Iceland recorded a trade deficit of ISK 18.8 billion in September of 2021, up from ISK 11.2 billion in the same month of last year. Imports jumped 18.1 percent to ISK 85.7 billion, driven mostly by purchases of capital goods (41.7 percent), industrial supplies (11 percent), fuels & lubricants (59.5 percent), food & beverages (7.0 percent), and consumer goods (6.9 percent). Meantime, exports advanced at a slower 9.0 percent to ISK 66.9 billion, particularly pushed by sales of manufacturing products (45 percent) and other products (37.9 percent), while sales of agricultural products (-28.9 percent) and marine products (-17.0 percent) shrank. source: Statistics Iceland

Balance of Trade in Iceland averaged -2360.48 ISK Million from 1960 until 2021, reaching an all time high of 21093 ISK Million in December of 2008 and a record low of -47658.60 ISK Million in June of 2021. This page provides the latest reported value for - Iceland Balance of Trade - plus previous releases, historical high and low, short-term forecast and long-term prediction, economic calendar, survey consensus and news. Iceland Balance of Trade - data, historical chart, forecasts and calendar of releases - was last updated on October of 2021.

Balance of Trade in Iceland is expected to be -14700.00 ISK Million by the end of this quarter, according to Trading Economics global macro models and analysts expectations. In the long-term, the Iceland Balance of Trade is projected to trend around -13900.00 ISK Million in 2022, according to our econometric models.

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Iceland Balance of Trade


Calendar GMT Actual Previous Consensus TEForecast
2021-09-07 09:00 AM Aug ISK-36.2B ISK-16.9B
2021-10-07 09:00 AM Sep ISK-18.8B ISK-36.32B ISK -14.7B
2021-11-04 09:00 AM Oct ISK-18.8B


News Stream
Iceland’s Trade Gap Widens in September
Iceland recorded a trade deficit of ISK 18.8 billion in September of 2021, up from ISK 11.2 billion in the same month of last year. Imports jumped 18.1 percent to ISK 85.7 billion, driven mostly by purchases of capital goods (41.7 percent), industrial supplies (11 percent), fuels & lubricants (59.5 percent), food & beverages (7.0 percent), and consumer goods (6.9 percent). Meantime, exports advanced at a slower 9.0 percent to ISK 66.9 billion, particularly pushed by sales of manufacturing products (45 percent) and other products (37.9 percent), while sales of agricultural products (-28.9 percent) and marine products (-17.0 percent) shrank.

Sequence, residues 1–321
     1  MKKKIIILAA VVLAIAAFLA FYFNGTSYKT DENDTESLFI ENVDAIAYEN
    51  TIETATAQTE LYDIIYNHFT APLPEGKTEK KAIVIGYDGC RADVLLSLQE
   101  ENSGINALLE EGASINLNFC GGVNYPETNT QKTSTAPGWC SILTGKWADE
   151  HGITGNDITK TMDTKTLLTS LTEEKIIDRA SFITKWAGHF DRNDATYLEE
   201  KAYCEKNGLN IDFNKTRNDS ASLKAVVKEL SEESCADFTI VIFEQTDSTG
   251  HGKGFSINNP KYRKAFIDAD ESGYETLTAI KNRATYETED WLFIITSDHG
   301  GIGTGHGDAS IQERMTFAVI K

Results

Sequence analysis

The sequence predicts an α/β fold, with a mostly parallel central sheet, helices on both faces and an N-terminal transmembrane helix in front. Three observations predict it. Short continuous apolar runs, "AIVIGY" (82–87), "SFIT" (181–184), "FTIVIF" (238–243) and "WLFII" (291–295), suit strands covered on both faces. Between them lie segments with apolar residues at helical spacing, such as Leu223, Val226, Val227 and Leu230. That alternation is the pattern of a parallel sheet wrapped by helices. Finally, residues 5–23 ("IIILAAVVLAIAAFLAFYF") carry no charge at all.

2021-10-07
Iceland’s Trade Gap Widens in August
Iceland recorded a trade deficit of ISK 36.2 billion in August of 2021, up from ISK 17.4 billion in the same month of last year. Imports surged 49.7 percent to ISK 92.1 billion, driven mostly by purchases of transport equipment (114.7 percent), fuel & lubricants (89.7 percent), industrial suppliers (59.5 percent), consumer goods (14.9 percent) and food & beverages (17.4 percent), Meanwhile, exports advanced at a slower 26.8 percent to ISK 55.9 billion, particularly pushed by agricultural products ( 73.9 percent) and manufacturing products (45 percent).
2021-09-07
Iceland’s Trade Deficit Widens in May
Iceland recorded a trade deficit of ISK 15.5 billion in May of 2021, up from ISK 4.2 billion in the same month last year. Imports climbed 33.7 percent to ISK 76.8 billion, driven mostly by purchases of food & beverages (50.82 percent), consumer goods (41.1 percent) and industrial suppliers (20 percent). Meantime, exports surged at a slower 15.0 percent to ISK 61.2 billion, particularly lifted by marine products (18.0 percent), agricultural goods (65.2 percent) and manufactured products (8.3 percent)
2021-06-07

Iceland Last Unit Reference Previous Highest Lowest
Balance of Trade -18819.50 ISK Million Sep/21 -36320.40 21093.00 -47658.60
Imports 85703.30 ISK Million Sep/21 92137.10 106393.00 1.21
Exports 66883.70 ISK Million Sep/21 55816.60 76594.10 0.78


Iceland Balance of Trade
In 2017, Iceland's trade deficit widened sharply by 65 percent from the previous year to ISK 178 billion. Imports jumped 8 percent mainly boosted by higher purchases of industrial supplies, ships and transport equipment, while exports fell 4 percent due to a steep decline in marine products sales. The largest trade deficits were recorded with China, Norway, Germany, Denmark and Sweden; while the biggest trade surpluses were recorded with the Netherlands, Spain and France.